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Re: Privacy vs. Security

Postby spoulson on Thu Jun 05, 2008 2:48 pm

From a personal standpoint (as opposed to as an employee within a company), I think there's nowhere near the privacy and security in place as there should be.

A company with access to the credit bureaus can pull reports on anyone instantaneously with your approval. Approval can be you just saying "OK" over the phone or clicking "I Accept" on a 10 page legal disclaimer. Not very explicit or easily tracked. This is your LIFE on paper and there's not even as much of a password on it!

What do companies do with your information after pulling it? They underwrite your loan, then... they could sell your information to somewhere and you ultimately get collected into some aggregator or spammed.

Then we have credit cards. Just having the credit card is enough to go spending with it. Signature validation is a joke. No one checks your ID (unless your signature panel got worn off). You might as well just carry the full amount of your available credit in your wallet.

It seems to me that the security around logging into Less Than Dot is stronger than any financial transaction I can make.
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Re: Privacy vs. Security

Postby SQLDenis on Thu Jun 05, 2008 3:04 pm

spoulson wrote:No one checks your ID


I got asked for picture ID at a FootLocker in NYC once.....I told her "don't you see my picture on the Visa?"
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Re: Privacy vs. Security

Postby macleod1021 on Thu Jun 05, 2008 3:07 pm

I agree that the financial industry is very lacking in security. Personally, I would rather have a scenario where your credit card it linked to a fingerprint or retinal scan. The only problem is that the businesses would have to provide this equipment. Well...that's not going to happen unless consumers push for it. The catch-22 here is that the moment consumers start thinking of it, someone will stand up and say something like "If the financial industry has your biometrics, they can do whatever they want!" and that will start a scare campaign that squashes it.

but...it's the world we live in :( I say we just come up with a piece of hardware that we can lo-jack everyone and plug them in to a WoW like world :)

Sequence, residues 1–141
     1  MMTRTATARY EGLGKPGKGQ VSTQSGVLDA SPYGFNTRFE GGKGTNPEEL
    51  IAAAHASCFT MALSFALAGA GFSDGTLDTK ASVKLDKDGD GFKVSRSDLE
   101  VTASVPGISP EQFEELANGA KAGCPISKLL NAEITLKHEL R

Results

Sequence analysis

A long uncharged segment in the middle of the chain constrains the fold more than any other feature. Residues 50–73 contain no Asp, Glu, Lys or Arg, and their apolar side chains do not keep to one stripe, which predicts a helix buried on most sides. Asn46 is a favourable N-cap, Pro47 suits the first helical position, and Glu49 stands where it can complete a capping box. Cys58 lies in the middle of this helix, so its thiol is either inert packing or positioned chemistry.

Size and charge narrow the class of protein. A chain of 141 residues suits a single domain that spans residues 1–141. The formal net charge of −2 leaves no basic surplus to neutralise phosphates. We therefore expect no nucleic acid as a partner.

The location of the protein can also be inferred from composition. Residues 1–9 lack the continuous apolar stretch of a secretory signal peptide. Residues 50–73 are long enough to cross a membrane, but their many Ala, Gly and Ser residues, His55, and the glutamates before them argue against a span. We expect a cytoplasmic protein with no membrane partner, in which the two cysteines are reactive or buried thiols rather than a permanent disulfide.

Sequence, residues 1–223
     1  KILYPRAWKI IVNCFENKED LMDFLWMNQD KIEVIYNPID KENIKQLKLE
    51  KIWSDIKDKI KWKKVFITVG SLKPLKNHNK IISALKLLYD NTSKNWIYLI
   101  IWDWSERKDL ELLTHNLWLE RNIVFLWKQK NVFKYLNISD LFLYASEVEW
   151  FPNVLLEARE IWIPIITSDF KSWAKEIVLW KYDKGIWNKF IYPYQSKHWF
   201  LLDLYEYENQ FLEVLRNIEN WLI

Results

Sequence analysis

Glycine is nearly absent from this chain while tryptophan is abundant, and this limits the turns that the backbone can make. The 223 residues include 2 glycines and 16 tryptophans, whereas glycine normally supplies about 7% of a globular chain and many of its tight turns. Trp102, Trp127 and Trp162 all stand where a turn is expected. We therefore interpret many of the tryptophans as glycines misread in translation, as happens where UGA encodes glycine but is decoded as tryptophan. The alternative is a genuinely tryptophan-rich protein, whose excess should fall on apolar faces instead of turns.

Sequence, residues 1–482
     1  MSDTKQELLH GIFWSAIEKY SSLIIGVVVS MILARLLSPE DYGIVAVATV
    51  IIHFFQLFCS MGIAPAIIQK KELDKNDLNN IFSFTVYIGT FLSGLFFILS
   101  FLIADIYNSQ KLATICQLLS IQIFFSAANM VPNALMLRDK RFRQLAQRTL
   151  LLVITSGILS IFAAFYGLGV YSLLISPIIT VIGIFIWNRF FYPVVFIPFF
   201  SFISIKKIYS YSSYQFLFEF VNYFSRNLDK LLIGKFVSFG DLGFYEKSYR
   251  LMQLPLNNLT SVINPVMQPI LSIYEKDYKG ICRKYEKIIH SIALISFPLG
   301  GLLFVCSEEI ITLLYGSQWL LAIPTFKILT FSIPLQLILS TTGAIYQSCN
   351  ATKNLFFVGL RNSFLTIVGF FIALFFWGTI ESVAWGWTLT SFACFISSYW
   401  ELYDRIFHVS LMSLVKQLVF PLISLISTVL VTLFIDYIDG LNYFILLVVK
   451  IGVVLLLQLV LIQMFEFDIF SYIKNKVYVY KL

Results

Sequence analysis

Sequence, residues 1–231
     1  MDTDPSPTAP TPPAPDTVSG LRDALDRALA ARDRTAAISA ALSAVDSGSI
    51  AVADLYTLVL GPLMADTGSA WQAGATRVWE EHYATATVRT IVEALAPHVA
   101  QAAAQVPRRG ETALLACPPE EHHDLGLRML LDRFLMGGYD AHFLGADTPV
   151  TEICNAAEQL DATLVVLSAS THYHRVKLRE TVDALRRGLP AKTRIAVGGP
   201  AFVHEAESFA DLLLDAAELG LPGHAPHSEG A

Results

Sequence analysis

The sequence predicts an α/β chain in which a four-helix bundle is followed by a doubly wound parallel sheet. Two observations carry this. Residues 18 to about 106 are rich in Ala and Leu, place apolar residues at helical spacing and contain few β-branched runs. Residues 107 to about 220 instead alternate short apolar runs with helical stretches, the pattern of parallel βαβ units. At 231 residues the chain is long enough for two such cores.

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Re: Privacy vs. Security

Postby spoulson on Thu Jun 05, 2008 3:14 pm

The IT way of accomplishing credit card security would be a strong authentication method. Signature and photo ID are weak because both can be spoofed. If the infrastructured optionally allowed securely providing a password or security token or something, I would sign up.
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Re: Privacy vs. Security

Postby AlexCuse on Thu Jun 05, 2008 3:22 pm

It's a tough nut to crack, this. Fingerprints would seem to be an improvement, but what then of doing business online? Would hackers find a way to steal and decrypt fingerprint images for their own use? I suppose this would be harder than stealing passwords, but its' never going to be perfect. In the meantime I'd like to see banks and creditors work together to create some kind of OpenID type of system, as I think with their combined resources they could come up with something much mroe secure and user-friendly. I realize this will never happen, but its nice to think about.

Why can't tbe bank just believe me that I have a million bucks in there ;)

spoulson wrote:It seems to me that the security around logging into Less Than Dot is stronger than any financial transaction I can make.


So people may be able to steal your credit cards, but at least they won't be able to impersonate you in the forums!

BTW you may want to sign up for sp0ulson, spou1son, and sp0u1son if this is something keeping you up at night :lol:
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Re: Privacy vs. Security

Postby chrissie1 on Thu Jun 05, 2008 3:33 pm

fingerprint and retinal scans are far from perfect and easily misguided. Fast DNA scans are in the works but those are probably also prone to abuse depending on how you are planning on obtaining the DNA. So no Biometrics is not for the tomorrow.

A bit of trust and common sense usually go a lot further then all the security they are trying to inforce now. For one, make the penalty for fraud much higher and enforce it.
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Re: Privacy vs. Security

Postby macleod1021 on Thu Jun 05, 2008 3:50 pm

LOL...I just had a flash back of Gattaca (sp?).

We could also do more on the moral side of it. If there was a better legal system...one that actually deter's crimes, then it would help temendously. It wouldn't get rid of crime, but would reduce it. A good example of this is drunk driving...it used to be if you were caught doing that, you were shunned by family, friends and community. So, people didn't do it. But, I'm just lamenting :) I wish it was back the way it was when I was a kid...and all we had to do was worry about drawing images of dinosaurs on our cave walls :)
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Re: Privacy vs. Security

Postby tomsa on Mon May 23, 2011 5:42 am

Privacy and Security, both of them are essential for me! I need more security! I can't jump into the dangers! ;)